R.E.M.’s new ‘Monster’ set marks the album’s 25th anniversary.[/caption] by Pete Mazzaccaro There’s a pretty good case to be made that R.E.M. is the most important band of the post punk …
by Pete Mazzaccaro
There’s a pretty good case to be made that R.E.M. is the most important band of the post punk era.
From its remarkable 1983 debut “Murmur” through 1992’s “Automatic for the People,” which made it The Biggest Band in the World at the time, it was the most significant influence on the non-commercial rock of the period. The band defined college rock through the '80s and left an impression on melodic, guitar driven pop and rock that you can still hear today.
The band’s 1994 album “Monster” just marked its 25th anniversary with a 5-CD set that includes a remastering of the original, an album off demos and other cuts that didn’t make the original, a remixed take on the album by its original engineer Scott Litt and a double-live album of a 1995 show recorded in Chicago.
“Monster” is seen by some as the band’s last “real” record. It was while on tour for Monster that drummer Bill Berry suffered a brain hemorrhage that he survived, but convinced him his days as a touring member of a rock band should be over. The band would go on to record another five studio albums, but it didn’t maintain its reign as modern rock masters.
Today, 25 years later, Monster is still a real enjoyable listen. It was such a departure from the band’s prior work, particularly from the incredibly popular and largely acoustic and somber predecessor, “Automatic for the People.” It was, of course, a purposeful change in style in which the band decided to go for a simpler, louder garage rock style.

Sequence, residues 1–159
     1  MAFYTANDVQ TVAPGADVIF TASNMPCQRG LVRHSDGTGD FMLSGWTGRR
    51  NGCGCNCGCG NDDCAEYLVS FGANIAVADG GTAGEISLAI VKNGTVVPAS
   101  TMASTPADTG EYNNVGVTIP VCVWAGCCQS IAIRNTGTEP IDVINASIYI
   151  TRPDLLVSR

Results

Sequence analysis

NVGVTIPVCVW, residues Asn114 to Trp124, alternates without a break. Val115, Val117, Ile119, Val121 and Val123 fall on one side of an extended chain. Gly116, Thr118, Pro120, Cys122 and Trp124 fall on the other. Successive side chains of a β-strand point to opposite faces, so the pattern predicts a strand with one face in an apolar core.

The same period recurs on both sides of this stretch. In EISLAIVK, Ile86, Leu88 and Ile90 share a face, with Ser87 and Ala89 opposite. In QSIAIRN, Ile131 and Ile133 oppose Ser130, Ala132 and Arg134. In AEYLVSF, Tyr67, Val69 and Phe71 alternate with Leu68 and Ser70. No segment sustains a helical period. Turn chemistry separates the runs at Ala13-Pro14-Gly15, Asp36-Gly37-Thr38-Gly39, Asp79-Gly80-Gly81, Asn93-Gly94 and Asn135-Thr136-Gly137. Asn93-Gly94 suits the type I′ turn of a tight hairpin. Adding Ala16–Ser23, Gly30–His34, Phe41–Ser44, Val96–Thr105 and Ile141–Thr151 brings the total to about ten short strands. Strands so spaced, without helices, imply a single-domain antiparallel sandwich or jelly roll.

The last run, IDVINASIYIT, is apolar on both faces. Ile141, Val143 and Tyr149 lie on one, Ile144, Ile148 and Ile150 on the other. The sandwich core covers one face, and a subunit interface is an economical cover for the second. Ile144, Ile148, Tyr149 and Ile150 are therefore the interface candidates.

The album’s biggest hits, “What’s the Frequency Kenneth,” “Crush with Eyeliner” and “Star 69,” drip with distorted guitars and an unusual amount of menace for R.E.M. It captures a band reveling in letting its hair down a bit, despite healthy doses of cultural criticism from singer Michael Stipe, who has described the period as particularly challenging to him personally.
In some ways, “Monster” could be seen as a rare instance of R.E.M. following the pack. The album was released a couple years into the peak days of grunge and alternative rock. The fuzzy tone of the entire record might have been a revelation to the band and its audience, but it certainly wasn’t new. But that doesn’t take away from what is ultimately a fantastic collection of songs from one of the greatest rock bands of all time.
The most interesting part of the collection is Litt’s remixed take on the record, which find the Grammy-award-winning engineer striving to cut back studio excess – guitar overdubs and other flourishes. It’s tough to judge these versions against those you’ve been listening to for 25 years. For me, they were interesting, but never preferable to the original studio versions.
All in all, the biggest R.E.M. fans will find a lot to like about the remastered record and its bonus material. I particularly enjoyed the mostly instrumental collection of demos. Many seem like they might have made terrific songs if further developed.
“Monster” was a band in its twilight, but still at the peak of its musical gifts.
Liner Notes is a regular column on music from an admittedly Gen X point of view. The author’s actual music can be found at WinstonsDog.com. Feedback on the column can be sent to email@example.com